Dam Safety

 There is no assurance that proper social or environmental impact assessments of dam projects in Burma can be done, that there will be a proper and well-monitored construction process, that local residents will be provided with adequate information regarding water releases and the potential dangers of dams, or that there are adequate emergency preparedness procedures in place. Dam safety is therefore a serious concern.

Earthquakes and dam breaks
The Washawng dam in Kachin State breaking in 2006; the resulting flood completely destroyed the dam
Several dams in Burma are under construction or will be constructed in earthquake-prone areas. The proposed Salween dams and the Irrawaddy/Mali/N’mai dams are on or very close to active earthquake fault lines. Depending on the magnitude, location and characteristics, an earthquake can cause cracks in dams or even a dam break. Dam breaks in Kachin State in 2005 and 2006 destroyed power plants, dam structures, and homes, killing five people and leaving a humanitarian emergency in their wake.

According to data from the Global Seismic Hazard Assessment Program, Burma lies in a region with high to very high seismic hazard that increases steadily to the north in Kachin State and Sagaing Division. Recent earthquakes along the China-Burma border have sparked fears of what would happen if the Irrawaddy Mytisone dam is built (see articles). Concerned citizens in China petitioned their government to suspend big dam projects in southwest China after the Sichuan earthquake in May 2008 (see article).

Vulnerability to floods
Main Street becomes a muddy river after flooding in Kachin State
After extensively reviewing the effectiveness of large dam projects across the world, the World Commission on Dams found that dams have increased human vulnerability to floods. While some dams can stop small floods, dams can increase the damage from large floods. When a large flood occurs and the reservoir cannot hold back the water, it will spill over and make the flood very dangerous. This is of special concern in the case of the Irrawaddy Myitsone project, as it is merely 40 kilometers upstream from the city of Myitkyina. Severe flooding has been getting worse in the area recently; some have attributed this to the destructive gold mining along the river banks which has changed the direction of the rivers’ flows as well as deforestation that has diminished a natural mitigation of floods. In July 2004 the city was inundated, impacting 19,000 people and leaving local community-based organizations and churches scrambling to provide for the sick and homeless.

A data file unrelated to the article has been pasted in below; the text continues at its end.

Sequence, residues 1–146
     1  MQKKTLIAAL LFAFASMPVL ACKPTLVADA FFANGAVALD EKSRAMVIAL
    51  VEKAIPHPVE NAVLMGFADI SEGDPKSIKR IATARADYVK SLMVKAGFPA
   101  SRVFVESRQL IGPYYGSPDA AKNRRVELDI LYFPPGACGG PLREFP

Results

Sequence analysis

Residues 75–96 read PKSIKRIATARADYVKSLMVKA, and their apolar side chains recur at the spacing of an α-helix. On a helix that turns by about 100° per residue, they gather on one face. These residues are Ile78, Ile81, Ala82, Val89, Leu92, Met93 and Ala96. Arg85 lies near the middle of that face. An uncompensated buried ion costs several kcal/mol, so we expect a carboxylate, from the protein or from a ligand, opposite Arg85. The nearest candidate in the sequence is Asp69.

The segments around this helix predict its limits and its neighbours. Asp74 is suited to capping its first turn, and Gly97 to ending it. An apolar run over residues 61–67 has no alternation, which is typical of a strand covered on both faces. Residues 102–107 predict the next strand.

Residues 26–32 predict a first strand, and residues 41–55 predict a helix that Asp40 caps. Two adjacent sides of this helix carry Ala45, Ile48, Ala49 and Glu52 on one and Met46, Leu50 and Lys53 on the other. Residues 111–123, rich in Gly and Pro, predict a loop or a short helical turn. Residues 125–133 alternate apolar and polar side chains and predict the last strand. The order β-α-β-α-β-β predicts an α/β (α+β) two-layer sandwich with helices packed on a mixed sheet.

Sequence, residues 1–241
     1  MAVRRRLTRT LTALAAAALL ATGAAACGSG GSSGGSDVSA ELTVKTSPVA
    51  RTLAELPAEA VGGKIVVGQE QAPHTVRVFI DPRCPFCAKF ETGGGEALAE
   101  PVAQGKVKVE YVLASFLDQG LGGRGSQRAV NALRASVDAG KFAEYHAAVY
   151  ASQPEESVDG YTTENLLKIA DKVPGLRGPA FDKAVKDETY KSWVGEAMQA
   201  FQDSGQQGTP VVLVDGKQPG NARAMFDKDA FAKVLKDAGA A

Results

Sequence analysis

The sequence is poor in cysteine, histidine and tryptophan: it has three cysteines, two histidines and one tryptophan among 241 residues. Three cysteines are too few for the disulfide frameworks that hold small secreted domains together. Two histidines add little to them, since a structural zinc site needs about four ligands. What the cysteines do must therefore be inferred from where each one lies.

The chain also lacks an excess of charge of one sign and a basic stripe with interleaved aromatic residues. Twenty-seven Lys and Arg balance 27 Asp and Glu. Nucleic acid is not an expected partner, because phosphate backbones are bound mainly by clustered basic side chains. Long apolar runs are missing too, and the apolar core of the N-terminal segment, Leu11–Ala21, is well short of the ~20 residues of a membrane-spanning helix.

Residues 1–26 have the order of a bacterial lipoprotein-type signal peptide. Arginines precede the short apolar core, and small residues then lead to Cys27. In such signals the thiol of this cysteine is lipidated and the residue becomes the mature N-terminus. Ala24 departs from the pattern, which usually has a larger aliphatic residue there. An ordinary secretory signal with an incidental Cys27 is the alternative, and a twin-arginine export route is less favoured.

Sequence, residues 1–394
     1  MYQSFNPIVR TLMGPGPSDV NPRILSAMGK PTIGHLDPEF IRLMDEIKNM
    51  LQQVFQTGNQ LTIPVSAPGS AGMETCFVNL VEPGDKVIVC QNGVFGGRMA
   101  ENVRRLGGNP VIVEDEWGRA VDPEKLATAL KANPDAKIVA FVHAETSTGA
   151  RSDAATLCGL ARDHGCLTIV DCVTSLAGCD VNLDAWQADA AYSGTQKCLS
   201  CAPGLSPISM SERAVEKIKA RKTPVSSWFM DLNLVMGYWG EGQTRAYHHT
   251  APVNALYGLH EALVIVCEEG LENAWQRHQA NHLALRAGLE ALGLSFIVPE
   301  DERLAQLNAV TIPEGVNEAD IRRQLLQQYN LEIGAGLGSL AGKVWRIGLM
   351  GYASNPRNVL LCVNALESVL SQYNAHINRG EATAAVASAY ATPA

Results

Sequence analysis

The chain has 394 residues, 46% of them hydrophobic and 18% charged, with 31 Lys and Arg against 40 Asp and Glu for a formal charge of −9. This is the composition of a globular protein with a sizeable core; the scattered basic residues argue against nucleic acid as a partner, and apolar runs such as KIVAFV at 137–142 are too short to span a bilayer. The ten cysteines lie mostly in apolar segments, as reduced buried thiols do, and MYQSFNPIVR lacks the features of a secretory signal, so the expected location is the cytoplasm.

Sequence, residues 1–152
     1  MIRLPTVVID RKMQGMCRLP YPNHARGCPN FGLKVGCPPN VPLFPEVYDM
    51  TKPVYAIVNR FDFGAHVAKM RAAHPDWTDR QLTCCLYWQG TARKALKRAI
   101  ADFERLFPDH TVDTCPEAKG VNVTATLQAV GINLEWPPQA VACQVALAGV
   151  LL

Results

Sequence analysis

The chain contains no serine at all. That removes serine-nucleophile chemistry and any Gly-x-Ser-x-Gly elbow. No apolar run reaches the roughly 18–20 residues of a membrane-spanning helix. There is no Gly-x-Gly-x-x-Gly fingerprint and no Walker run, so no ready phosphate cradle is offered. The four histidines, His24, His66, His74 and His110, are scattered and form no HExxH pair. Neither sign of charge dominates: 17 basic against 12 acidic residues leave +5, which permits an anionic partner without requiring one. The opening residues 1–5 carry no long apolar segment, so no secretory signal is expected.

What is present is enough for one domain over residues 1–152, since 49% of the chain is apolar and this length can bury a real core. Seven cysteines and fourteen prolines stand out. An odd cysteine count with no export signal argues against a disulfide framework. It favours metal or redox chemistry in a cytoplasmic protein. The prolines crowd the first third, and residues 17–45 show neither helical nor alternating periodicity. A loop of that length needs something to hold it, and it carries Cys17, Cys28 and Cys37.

Sudden water surges
Unusually low water levels and unexpected surges on the Mekong have caused boating accidents
Production of electricity at a dam site causes unnatural releases of water from the reservoir. Dam operators upstream will decide when they need to release water depending on power generation needs (which may be determined as far away as in China). When there is a release, water levels can increase rapidly and people using the river downstream may not get any warning. People have lost their boats and fishing gear, and some have even drowned, from such water surges. Along the Mekong River in eastern Shan State, Lahu villagers have reported boating accidents and sudden unexpected surges caused by fluctuations in the water’s flow. 

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